Alice's Adventures in Wonderland
On a drowsy afternoon by a riverbank, a young and distracted Alice follows a rabbit into a fantastical underground world that grows curiouser and curiouser. Dared, insulted, amused, and threatened by a succession of anthropomorphic creatures, the indomitable Alice falls deeper into a swirl of the imagination where logic has no place.
Referenced, resourced, analyzed, and embraced since its publication in 1865, Carroll's masterpiece of the irrational has inspired such varied artists as Walt Disney, Marilyn Manson, Jerome Kern, James Joyce, and Tim Burton. It stands as one of the most extravagantly and ingeniously absurd works in the English language.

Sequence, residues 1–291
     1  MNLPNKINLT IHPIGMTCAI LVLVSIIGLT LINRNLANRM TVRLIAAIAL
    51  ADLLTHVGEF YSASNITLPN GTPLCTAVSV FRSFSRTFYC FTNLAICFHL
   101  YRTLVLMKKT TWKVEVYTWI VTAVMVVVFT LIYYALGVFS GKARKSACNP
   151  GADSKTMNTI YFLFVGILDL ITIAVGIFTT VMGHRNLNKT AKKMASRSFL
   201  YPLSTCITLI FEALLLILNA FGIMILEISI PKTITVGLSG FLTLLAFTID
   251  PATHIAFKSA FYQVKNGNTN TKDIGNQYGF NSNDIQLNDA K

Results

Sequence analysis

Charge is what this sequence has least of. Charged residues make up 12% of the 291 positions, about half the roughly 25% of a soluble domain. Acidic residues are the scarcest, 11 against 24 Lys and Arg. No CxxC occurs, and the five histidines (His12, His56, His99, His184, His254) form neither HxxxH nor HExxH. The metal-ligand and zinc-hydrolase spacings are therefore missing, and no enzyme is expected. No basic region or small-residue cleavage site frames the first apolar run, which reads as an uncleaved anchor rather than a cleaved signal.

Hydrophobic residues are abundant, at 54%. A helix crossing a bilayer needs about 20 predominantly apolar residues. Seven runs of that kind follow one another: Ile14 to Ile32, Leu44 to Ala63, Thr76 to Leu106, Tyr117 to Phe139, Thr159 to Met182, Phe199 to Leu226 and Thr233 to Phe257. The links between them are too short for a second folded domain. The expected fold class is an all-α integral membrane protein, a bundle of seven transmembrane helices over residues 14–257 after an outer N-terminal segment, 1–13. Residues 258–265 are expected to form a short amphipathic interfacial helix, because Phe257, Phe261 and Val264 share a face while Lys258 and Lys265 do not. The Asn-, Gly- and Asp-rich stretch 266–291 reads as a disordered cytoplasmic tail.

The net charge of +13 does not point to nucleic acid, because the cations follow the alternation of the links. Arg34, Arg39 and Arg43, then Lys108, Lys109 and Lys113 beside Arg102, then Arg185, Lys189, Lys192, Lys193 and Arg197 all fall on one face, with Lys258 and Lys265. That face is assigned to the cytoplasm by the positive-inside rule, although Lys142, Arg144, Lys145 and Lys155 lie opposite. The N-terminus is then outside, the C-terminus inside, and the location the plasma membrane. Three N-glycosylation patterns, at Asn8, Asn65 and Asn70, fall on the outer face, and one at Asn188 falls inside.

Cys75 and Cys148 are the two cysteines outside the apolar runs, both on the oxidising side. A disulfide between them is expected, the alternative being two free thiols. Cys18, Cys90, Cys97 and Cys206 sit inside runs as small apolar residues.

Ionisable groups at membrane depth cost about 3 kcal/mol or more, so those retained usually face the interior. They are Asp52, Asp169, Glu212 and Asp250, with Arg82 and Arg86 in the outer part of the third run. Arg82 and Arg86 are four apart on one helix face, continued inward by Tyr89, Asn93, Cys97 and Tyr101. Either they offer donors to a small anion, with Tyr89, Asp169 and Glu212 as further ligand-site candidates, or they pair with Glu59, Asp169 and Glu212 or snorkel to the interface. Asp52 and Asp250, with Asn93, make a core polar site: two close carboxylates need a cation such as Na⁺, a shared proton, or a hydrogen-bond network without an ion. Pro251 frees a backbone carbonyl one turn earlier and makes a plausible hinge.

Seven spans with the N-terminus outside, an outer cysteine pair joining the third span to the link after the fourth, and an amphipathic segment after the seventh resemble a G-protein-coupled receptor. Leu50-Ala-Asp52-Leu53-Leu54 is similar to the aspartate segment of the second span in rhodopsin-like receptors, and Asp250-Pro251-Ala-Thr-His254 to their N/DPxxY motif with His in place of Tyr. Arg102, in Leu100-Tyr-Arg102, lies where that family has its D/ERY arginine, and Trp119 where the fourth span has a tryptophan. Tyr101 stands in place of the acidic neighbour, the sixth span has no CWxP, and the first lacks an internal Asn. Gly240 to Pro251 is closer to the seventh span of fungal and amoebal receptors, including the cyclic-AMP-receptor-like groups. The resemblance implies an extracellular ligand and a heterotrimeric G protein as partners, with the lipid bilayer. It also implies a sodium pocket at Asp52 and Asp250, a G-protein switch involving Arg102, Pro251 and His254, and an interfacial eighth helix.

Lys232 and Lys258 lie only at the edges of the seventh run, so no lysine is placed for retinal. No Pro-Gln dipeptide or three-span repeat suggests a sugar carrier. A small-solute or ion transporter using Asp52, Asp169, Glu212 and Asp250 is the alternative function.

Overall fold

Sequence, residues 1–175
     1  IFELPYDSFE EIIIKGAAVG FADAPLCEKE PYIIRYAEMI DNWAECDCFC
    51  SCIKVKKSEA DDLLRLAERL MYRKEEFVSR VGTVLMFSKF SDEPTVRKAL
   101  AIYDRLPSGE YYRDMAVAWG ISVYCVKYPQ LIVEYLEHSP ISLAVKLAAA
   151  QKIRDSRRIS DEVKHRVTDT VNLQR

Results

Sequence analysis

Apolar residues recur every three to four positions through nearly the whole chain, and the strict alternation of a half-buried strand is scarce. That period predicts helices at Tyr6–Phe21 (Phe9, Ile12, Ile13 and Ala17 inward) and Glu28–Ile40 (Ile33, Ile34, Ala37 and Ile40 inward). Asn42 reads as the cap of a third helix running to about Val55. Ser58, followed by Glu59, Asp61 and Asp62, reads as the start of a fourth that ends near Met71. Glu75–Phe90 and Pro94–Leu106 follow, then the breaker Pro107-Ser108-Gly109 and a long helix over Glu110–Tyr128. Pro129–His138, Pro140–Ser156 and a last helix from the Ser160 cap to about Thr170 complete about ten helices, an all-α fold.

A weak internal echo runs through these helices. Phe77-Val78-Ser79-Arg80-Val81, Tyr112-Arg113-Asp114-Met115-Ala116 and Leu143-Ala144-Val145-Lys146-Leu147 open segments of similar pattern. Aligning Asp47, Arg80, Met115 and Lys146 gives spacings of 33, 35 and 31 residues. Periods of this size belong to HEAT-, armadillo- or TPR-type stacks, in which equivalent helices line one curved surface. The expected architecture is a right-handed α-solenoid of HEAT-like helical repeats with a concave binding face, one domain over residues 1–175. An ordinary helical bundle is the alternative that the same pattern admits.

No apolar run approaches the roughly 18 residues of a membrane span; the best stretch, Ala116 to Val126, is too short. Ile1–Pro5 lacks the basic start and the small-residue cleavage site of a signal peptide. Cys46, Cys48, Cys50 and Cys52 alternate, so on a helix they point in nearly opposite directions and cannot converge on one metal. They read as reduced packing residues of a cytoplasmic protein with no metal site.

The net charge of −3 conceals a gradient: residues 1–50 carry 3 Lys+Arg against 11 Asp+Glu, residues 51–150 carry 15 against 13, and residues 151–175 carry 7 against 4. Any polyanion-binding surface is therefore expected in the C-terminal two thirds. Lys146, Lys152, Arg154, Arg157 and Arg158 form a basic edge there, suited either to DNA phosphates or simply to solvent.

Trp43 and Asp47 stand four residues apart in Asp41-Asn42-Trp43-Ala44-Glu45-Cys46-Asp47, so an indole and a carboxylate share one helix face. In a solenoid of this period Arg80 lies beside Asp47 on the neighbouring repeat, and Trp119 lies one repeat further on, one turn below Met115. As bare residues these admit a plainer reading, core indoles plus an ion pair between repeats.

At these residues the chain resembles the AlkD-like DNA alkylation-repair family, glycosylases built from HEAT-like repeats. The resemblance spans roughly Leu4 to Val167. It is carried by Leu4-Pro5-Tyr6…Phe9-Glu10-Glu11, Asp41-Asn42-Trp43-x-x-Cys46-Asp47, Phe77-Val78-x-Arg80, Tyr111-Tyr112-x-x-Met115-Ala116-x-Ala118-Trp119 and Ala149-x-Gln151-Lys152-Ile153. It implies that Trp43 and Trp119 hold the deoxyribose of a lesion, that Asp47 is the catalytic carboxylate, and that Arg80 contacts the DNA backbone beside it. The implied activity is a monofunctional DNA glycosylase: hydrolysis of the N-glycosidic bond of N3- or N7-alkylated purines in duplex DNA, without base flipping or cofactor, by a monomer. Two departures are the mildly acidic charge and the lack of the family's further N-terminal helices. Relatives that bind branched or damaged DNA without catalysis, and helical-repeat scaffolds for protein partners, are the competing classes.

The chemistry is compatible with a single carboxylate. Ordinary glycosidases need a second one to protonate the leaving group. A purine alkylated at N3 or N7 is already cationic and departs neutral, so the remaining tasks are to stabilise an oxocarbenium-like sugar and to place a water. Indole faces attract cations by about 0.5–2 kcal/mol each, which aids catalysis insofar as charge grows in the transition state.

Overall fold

Through the Looking-Glass
When Alice steps through a mirror, she enters a reflection of her world where backwards is forwards, the future is remembered, and only the opposite of logic makes sense. Increasingly befuddled, she's challenged by the belligerent Humpty Dumpty, Tweedledum and Tweedledee, the nonsense rhymes of the Jabberwocky, and the discovery that she's a pawn in a living game of chess. To become queen and find her way home, Alice must play.
A masterpiece of the absurd, Lewis Carroll's sequel to Alice's Adventures in Wonderland continues to inspire artists, filmmakers, musicians, and writers after all these years.
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